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NED MOAR POWR?  (Source: The Telegraph)
One bowl of beans could power your notebook for hours

There are a bunch of people in the gadget world that have been waiting and waiting for laptops and notebooks that run on power sources other than traditional batteries. The most obvious source of power for the machines, other than batteries, is fuel cells.

Prototype fuel cell notebooks have popped up a few times over the years, but still no one has offered up a fuel cell powered notebook. Scientists at the Harvard School of Engineering and Applied Sciences (SEAS) have made a breakthrough that may help notebooks powered by methane fuel cells make it to market faster. The research is led by Shiriram Ramanathan and the team is optimistic about potential commercial uses of their tech.

The researchers have published a paper that demonstrates a new type of functional all-ceramic thin-film solid-oxide fuel cell (SOFCs) that doesn't have platinum in its construction. The high price of platinum is one of the reasons that fuel cells have been so expensive and stayed out of production along with the production of heat and issues with reliability.

The platinum tends to wear fast in many fuel cells and leads to poor reliability, but the research team's breakthrough with its new fuel cell design may address that reliability issue. "If you use porous metal electrodes," explains Ramanathan, "they tend to be inherently unstable over long periods of time. They start to agglomerate and create open circuits in the fuel cells."

The team also published another paper where they outlined a methane-fueled micro-SOFC that is able to operate at under 500C, which is rare. SOFCs typically operate at around 800C making them practical for stationary power where the high temperatures can be dealt with. Researchers and scientists are trying to whittle temperatures that the fuel cells operate at down to 300C where they will be more appealing for use in mobile applications.

The use of methane as a fuel is important as well, since most fuel cells run on hydrogen that has to be pure and is expensive to make. Methane is abundant and cheap. "Future research at SEAS will explore new types of catalysts for methane SOFCs, with the goal of identifying affordable, earth-abundant materials that can help lower the operating temperature even further," adds Ramanathan.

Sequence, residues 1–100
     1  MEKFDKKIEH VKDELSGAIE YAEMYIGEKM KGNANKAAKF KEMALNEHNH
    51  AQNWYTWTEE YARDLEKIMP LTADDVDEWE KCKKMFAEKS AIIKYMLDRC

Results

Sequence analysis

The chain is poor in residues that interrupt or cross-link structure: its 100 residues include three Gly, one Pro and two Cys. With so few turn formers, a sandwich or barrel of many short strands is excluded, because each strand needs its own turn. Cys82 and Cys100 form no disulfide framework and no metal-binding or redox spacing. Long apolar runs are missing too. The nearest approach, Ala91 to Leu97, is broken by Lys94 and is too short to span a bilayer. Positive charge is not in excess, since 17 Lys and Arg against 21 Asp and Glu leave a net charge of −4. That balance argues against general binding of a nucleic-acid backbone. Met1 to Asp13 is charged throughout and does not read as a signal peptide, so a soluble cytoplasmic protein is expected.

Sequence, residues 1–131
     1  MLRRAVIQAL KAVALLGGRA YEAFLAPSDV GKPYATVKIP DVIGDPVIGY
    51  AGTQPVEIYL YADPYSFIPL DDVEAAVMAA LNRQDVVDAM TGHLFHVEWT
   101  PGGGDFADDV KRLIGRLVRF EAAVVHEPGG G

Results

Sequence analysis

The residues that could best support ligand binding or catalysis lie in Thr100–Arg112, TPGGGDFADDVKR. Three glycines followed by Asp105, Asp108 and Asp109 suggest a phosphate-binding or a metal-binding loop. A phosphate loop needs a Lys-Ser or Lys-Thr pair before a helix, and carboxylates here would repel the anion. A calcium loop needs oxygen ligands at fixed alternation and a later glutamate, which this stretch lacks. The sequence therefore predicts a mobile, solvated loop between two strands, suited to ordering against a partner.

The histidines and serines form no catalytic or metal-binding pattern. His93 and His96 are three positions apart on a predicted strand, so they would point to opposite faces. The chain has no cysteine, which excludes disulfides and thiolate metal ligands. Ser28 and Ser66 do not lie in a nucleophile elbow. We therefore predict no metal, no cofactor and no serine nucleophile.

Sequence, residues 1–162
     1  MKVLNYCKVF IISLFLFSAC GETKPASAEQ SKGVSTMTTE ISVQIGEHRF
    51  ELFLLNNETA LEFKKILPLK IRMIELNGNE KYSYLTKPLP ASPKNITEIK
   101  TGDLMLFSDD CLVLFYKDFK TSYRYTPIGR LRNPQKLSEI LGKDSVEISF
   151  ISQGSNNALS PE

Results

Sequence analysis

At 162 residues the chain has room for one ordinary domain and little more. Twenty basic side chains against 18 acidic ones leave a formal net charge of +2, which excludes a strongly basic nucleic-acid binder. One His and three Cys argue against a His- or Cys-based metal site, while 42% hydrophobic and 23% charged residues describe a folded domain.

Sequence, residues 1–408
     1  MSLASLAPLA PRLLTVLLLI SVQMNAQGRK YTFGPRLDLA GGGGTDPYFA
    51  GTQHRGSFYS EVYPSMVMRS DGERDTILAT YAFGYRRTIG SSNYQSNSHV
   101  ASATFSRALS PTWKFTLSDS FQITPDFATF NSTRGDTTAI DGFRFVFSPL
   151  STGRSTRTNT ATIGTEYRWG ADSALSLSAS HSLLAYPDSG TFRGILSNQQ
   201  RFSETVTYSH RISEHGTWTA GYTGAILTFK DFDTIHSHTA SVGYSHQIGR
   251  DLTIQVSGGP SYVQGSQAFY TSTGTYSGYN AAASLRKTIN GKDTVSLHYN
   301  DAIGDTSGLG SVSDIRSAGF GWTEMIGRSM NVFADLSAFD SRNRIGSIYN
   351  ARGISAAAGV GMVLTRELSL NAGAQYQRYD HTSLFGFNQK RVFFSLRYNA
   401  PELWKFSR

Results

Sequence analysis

Panasonic has shown off a hydrogen fuel cell powered notebook that it hopes to have on the market by 2012.

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In other news....
By EasyC on 11/24/2010 11:16:31 AM , Rating: 5
Stocks for baked bean companies rose 300% today while Steve Jobs finally allows his sheep to fart.

RE: In other news....
By EasyC on 11/24/2010 11:23:40 AM , Rating: 5
Tomorrows article will show a patent application by Apple for the act of farting.

RE: In other news....
By Motoman on 11/24/2010 11:41:27 AM , Rating: 5
Consumer: This iFart kinda stinks...

Jobs: You're smelling it wrong.

RE: In other news....
By amanojaku on 11/24/2010 1:20:57 PM , Rating: 3
Introducing the new iPoot Much.

Now with FartTime, Rip One Today, and Gas Center.

This cheeses everything. Again.

RE: In other news....
By 1reader on 11/24/2010 1:45:21 PM , Rating: 1
What do you think this means for the 143,000 fart apps? Probably deletion for duplication of functionality.

RE: In other news....
By YashBudini on 11/25/2010 8:58:28 PM , Rating: 3
Who would have imagined technology being sparked by "Blazing Saddles?"

Uh, perhaps sparked is the wrong word.

RE: In other news....
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pros and cons?
By superPC on 11/24/2010 11:19:03 AM , Rating: 2